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United States of America v. Mario Lopez-Garcia
April 5, 2012
UNITED STATES OF AMERICA PLAINTIFF,
MARIO LOPEZ-GARCIA DEFENDANT.
The opinion of the court was delivered by: B. Lynn Winmill Chief Judge United States District Court
MEMORANDUM DECISION AND ORDER
The Court has before it a motion to continue sentencing filed by defendant's newly retained counsel Hunt Garner. The motion was filed less than 24 hours before sentencing was to take place. Garner states that he was retained yesterday evening (April 4th), and cannot attend the sentencing because he is "performing a tour with the Air Force that would prevent his appearance before this Court on April 6th." In other words, Garner entered into an agreement to represent a client at a sentencing he knew (1) he could not attend and (2) likely would be unable to continue due to the last-minute nature of his request.
Up to this point, the defendant has been represented by Federal Public Defender Richard Rubin, an outstanding attorney with long experience in this Court. Rubin has filed a response to the pre-sentence report, and is prepared to represent the defendant at the sentencing as presently scheduled.
This Court has broad discretion to deny a motion to continue made on the eve of sentencing. U.S. v. Lobo, 2011 WL 1252312 (9th Cir. 2011). There is no evidence here that the defendant will be prejudiced in any way by having Rubin represent him. Garner's motion says nothing about any prejudice the defendant will suffer if the motion is denied. The Court's schedule is so busy that it brought in a Judge from another District to handle the sentencing calendar, including this case, and a continuance would disrupt that Judge's calendar and ensure a lengthy continuance. The last-minute nature of the motion -- it was filed less than 24 hours before the presently scheduled sentencing -- was not explained in the motion, other than that Garner was just retained last night. He knew at that time he could not attend the sentencing and must have advised his client that a last-minute continuance was highly unlikely. Thus, the denial of the motion cannot come as a surprise to any party.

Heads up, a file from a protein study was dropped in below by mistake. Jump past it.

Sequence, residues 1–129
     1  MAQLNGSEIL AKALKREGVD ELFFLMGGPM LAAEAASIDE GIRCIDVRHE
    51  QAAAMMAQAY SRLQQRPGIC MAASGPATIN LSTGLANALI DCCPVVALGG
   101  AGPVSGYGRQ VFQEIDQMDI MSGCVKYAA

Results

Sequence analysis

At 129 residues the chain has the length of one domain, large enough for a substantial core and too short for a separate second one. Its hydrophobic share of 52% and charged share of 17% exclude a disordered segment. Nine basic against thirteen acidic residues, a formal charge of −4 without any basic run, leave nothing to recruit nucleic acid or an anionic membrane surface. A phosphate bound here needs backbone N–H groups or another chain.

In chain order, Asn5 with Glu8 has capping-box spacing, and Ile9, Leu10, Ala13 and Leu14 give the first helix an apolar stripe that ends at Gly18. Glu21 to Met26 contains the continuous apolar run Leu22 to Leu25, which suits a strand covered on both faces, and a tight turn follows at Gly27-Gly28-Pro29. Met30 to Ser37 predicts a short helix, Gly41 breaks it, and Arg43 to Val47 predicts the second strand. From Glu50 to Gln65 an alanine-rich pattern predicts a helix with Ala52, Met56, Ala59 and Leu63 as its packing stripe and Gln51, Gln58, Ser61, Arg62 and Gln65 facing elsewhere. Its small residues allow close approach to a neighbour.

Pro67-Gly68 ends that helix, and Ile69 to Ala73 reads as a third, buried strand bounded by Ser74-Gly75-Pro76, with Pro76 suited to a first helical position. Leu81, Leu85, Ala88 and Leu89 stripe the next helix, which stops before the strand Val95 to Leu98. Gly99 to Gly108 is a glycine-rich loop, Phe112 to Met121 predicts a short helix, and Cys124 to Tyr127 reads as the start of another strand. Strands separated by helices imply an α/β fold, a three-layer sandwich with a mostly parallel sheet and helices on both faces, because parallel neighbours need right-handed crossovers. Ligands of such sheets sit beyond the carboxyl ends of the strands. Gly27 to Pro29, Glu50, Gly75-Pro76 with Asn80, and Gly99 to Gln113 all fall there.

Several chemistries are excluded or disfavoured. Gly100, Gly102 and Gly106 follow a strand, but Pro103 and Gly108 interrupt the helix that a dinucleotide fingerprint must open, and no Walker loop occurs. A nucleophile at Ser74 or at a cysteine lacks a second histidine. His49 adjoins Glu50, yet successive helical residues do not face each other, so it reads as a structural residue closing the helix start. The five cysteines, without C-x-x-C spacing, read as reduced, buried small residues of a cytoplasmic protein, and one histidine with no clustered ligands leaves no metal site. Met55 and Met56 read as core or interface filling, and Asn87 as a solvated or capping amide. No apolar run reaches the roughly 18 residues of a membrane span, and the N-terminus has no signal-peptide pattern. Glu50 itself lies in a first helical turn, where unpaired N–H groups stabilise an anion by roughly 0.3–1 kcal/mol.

The Court certainly weighed heavily the defendant's right to retain an attorney, and his right to retained counsel of his choice. But that right is not absolute. It must give way to the Court's administration of justice when (1) there is no evidence of prejudice to the defendant; (2) the defendant will receive excellent representation from Rubin; (3) the motion was filed less than 24 hours before the sentencing; and (4) a continuance would substantially disrupt the Court's administration of justice.
The Court does note that this decision rests on the assumption that Rubin can proceed at the sentencing. If, for any reason not now anticipated or known, Rubin is unable to proceed, or Judge Carter has any other reason to continue the hearing, Judge Carter is certainly able to continue the hearing at that time.
NOW THEREFORE IT IS HEREBY ORDERED, that the motion to continue (docket no. 31) is DENIED.
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